Leadership : The Missing Wisdom School of Modern Management

James Traeger works as a training and development consultant and facilitator, as a founder member of Global Resonance Group. For ten years he was also assistant editor of the New Humanity Journal, one of the UK's longest running magazines of politics, philosophy and spirituality.

James is also known for his menswork project, and is the co-developer of an international work-based development programme for men, called Navigator.

Contact James by e-mail, or check out his website


How do people learn what counts in today's organisational world? How do they learn about people, about good practice, about diversity? How do they learn to manage real, thorny problems that emerge between and within teams of fragile, sensitive, emotional, erratic, beautiful humans? On a recent mentoring training programme, a colleague found himself confronted by a group of young managers who exhibited all the signs of learning-about-life anxiety. Their young, brash, MBA-fed, shiny exteriors made all the right noises to add to the cacophony of contemporary organisational politics, but they just didn't want to admit that they had anything to learn about people. 'It was all common sense,' they said, 'Nothing more to it'. Yes, it is common sense. Of course it may also be considered common sense to build a wall between two warring peoples, or to 'inflate' the turnover figures in order to keep the stock price artificially high. It is like working with a group of bright adolescents. Load of facts, figures, good intention and information, little experience, and no wisdom. More to the point, even a fear of wisdom.

Where does the root of this issue lie? How is it that organisations which have great resources, clarity, vision and indeed, in I.Q. terms, a very high calibre of people, lack the one thing that might enable their teams to be better lead? It isn't just emotional intelligence, or E.Q., to quote Daniel Goleman, that is missing; it is also 'W.Q.', the wisdom quotient, the understanding of how to put into practice not just what we know but also what we don't know, and the grace, elegance, patience to wait and see. It isn't really surprising that organisations with heavily over developed 'hurry-up drivers', lack this quality of calm and clear self and other-contemplation. Yet without it, for all the talk of mentoring cultures, coaching styles, joined up thinking and 'boxing clever', our workplaces will fail to be places where individuals can really develop. Without development, there cannot be realisation of potential.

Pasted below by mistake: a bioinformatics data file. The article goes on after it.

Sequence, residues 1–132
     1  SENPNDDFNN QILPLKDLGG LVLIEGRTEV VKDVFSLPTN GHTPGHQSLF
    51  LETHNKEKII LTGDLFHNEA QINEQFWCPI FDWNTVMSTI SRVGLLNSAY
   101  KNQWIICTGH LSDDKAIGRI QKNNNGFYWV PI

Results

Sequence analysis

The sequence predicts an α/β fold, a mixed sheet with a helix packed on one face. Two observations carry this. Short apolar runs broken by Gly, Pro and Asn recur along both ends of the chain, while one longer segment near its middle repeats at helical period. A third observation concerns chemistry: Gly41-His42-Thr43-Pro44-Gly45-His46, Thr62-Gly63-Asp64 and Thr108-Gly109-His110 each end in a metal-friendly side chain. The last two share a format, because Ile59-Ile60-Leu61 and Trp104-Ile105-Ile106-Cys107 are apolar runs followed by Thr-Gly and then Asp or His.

"Fear stifles wisdom." an old friend of mine, sadly departed, used to say.

So what is it that these incipient leaders fear? Perhaps they fear exposure in the blame culture. Perhaps they fear for their jobs, or even, since September 11th 2001, their lives? Perhaps they fear their conscious incompetence. Yet without it, how can they learn? So whose job is it to challenge this? It has to be the job of the highest leadership. They have to model openness to the disclosure of what it is we do not know or understand, not just about practical problems and business processes, but about ourselves, about the mysteries of each other, and perhaps about our uncertainties about where we are headed.

Perhaps this fear of learning the nature of the inner self has at its root the failure of democracy. Perhaps we do not listen enough because in a democratic culture, the opinions of everyone are held to be valid, even if they are not. That is why we have stopped listening to all experts, because we have been let down by one or two.

Another way of looking at it is that for so many eons, the voice of youth has been so steadfastly ignored, that, understandably, now it has expression we can't get it to shut up. Perhaps we just need a better balance between youthful exuberance, drive and zest, and wise counsel, contemplation, deeper self-awareness and silence. There has to be a balance of leadership, of the heart as well as the mind. Such balance requires great wisdom. Without it there will be much said, as usual, but little can be achieved.


Copyright © 2002 - James Traeger

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